Israeli legislators bridle at fresh US plans for peace in the Middle East
Sharon's vision for a 'Greater Israel' may be at stake along with his fragile ruling coalition.
American plans to revive Middle East peacemaking are clouding the future of Prime Minister Ariel Sharon and threatening his vision of a Greater Israel.
Dan Naveh, a cabinet minister from Mr. Sharon's Likud party, counseled the Bush administration on Friday to step back from its impending stab at regional diplomacy. "The US helped achieve progress between Israel and the Arabs only when it did not publicly put a plan on the table, but conducted quiet contacts between the sides," he told state-run Israel Radio.
"What I hear about what is being said by the American government these days is a program Israel cannot accept," he added.
Mr. Naveh's comments were an understated version of the verbal explosion Sharon detonated on Oct. 4 when he warned the Bush administration not to "appease the Arabs" into supporting the war coalition at Israel's expense. He cited the "dreadful mistake of 1938" when European countries "sacrificed Czechoslovakia for a convenient, temporary solution."
The peace ideas are not due to be announced for another month, according to a US official.
Ra'anan Gissin, a spokesman for Sharon, said that the ideas "won't have any immediate practical implication" since the two sides will first need to implement deescalation measures outlined last spring by a US-led inquiry team before launching negotiations. He added, however ,that any US effort to impose on Israel a solution to the thorny Jerusalem issue "will not work. The city will not be redivided."
A leading Palestinian analyst warned yesterday that the US endeavor could be derailed well before then, adding that the current Israeli-Palestinian cease-fire is teetering.
"This whole thing could collapse in a minute," says Khalil Shikaki, director of the Palestinian Center for Policy and Survey Research in Ramallah, occupied West Bank. "Yasser Arafat is in a very fragile situation. The popularity of the Islamists is increasing. There is no sense yet of a viable political process. Every day that passes increases the fragility of Arafat's situation."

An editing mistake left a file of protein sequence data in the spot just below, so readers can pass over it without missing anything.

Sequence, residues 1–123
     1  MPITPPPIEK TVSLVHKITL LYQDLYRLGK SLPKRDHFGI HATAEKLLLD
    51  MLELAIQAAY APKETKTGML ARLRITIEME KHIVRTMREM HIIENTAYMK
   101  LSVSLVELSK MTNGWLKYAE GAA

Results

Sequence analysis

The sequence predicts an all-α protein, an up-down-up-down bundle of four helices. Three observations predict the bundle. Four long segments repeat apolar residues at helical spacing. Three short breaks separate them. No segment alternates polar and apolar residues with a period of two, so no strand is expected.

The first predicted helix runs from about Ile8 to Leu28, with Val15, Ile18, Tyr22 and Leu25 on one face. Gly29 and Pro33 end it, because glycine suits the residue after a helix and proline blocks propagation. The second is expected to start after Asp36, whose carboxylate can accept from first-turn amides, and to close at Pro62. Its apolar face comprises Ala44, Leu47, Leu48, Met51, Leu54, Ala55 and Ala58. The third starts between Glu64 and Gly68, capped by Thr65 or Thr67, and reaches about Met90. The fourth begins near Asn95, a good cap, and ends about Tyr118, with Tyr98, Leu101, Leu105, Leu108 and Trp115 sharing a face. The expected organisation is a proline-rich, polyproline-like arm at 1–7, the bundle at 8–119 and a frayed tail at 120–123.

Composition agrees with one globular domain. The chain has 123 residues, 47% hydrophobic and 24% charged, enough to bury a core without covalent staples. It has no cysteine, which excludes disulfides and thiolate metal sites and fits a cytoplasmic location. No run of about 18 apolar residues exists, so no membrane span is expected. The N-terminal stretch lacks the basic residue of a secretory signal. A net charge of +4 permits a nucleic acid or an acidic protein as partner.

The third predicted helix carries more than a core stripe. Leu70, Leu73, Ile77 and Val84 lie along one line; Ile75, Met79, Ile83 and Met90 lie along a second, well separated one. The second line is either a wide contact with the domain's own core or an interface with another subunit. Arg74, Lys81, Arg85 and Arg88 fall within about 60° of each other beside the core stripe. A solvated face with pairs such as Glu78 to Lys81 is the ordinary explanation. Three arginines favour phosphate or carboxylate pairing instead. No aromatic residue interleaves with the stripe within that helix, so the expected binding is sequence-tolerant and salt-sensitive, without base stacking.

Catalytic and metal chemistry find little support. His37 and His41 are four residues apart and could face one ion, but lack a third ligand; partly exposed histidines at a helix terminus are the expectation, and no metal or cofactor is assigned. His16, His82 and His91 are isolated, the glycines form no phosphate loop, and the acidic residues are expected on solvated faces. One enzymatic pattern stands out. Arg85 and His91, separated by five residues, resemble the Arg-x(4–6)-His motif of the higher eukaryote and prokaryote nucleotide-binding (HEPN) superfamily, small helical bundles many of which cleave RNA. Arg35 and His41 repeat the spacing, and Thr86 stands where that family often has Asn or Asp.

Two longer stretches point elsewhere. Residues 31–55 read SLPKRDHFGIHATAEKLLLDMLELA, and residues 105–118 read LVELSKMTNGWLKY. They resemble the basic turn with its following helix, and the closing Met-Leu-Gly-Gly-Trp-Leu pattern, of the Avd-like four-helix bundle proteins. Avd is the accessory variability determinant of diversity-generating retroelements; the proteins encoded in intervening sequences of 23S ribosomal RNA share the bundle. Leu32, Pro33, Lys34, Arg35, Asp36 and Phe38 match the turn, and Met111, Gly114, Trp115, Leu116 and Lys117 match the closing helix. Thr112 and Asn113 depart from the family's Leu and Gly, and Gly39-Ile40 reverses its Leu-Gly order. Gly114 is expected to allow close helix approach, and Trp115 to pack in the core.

Mr. Shikaki says that the killing of a Hamas leader, Abdel Rahman Hamad, in the West Bank town of Qalqilya yesterday shows that elements in the Israeli military or government are intent on sabotaging the cease-fire. Israel, without explicitly claiming responsibility for the shooting, said Hamad was responsible for organizing a suicide bombing at a Tel Aviv discotheque in June that killed 22 people.
Mr. Gissin said Israel hopes to strengthen the cease-fire by beginning to lift army travel strictures in areas where Palestinian violence has subsided.
Many Americans were surprised at the intensity of Sharon's Oct. 4 remarks. But the comments have deep roots in his ultra-nationalist ideology. The US peacemaking push threatens to negate Sharon's vision of a 'Greater Israel,' which would include most of the biblically resonant West Bank and a united Jerusalem of complete Israeli control. This is something he has personally sought to impose since 1977 through building illegal Jewish settlements.
Palestinians view the West Bank as the heartland of the state to which they aspire. And moderate Arab opinion, to which the US ideas are to be addressed, backs the Palestinians' desire for statehood.
But there is another reason for Sharon's anxiety. US peace ideas, even general ones, could signal the beginning of the end of his tenure as prime minister by setting in motion the departure of the more moderate Labor party from the "national unity coalition."
Yossi Katz, a Labor member of the Knesset predicts the party will take up the US ideas as part of a bid to reverse its sagging popularity. "If the current cease-fire [with the Palestinian Authority] is going to be continued, than such a plan can break up the unity government and coalition," he says.
Likud allies of former prime minister Benjamin Netanyahu, who espouse an even more hawkish approach than Sharon, are already saying they would rebel if he were to flirt with the US ideas. "It would be political suicide," says Yisrael Katz, a Likud legislator close to the comeback-minded Mr. Netanyahu.
A US official said Friday that the ideas are still being drafted. They will include support for a Palestinian state, provided it is ready to live in peace with Israel, he says. The official says the ideas are to be presented by Secretary of State Colin Powell at the opening of the United Nations General Assembly next month. There will be mention of Jerusalem, but the official declined to elaborate. He said a new US envoy to the region is to be appointed.
The speech was planned before the Sept. 11 atrocities, but it has taken on "a slightly new dimension" in light of the attacks, the official said.
Shikaki says, "The administration will be hoping to create a certain trust and confidence within the ranks of Arab and Muslim allies in the war on terrorism, and the idea will be to make a very general statement at the UN that will not draw negative reaction. I don't think Arafat will be required to accept or reject. He will welcome the American involvement and the overall positions."
Katz, the Likud legislator, says Israel will not do the same. "If they go ahead with this, it will be a big mistake. There is a difference between asking us to lower our profile these days and telling us to give up on strategic and security assets. Yasser Arafat may say he is with the United States today, but who knows what he will do tomorrow?"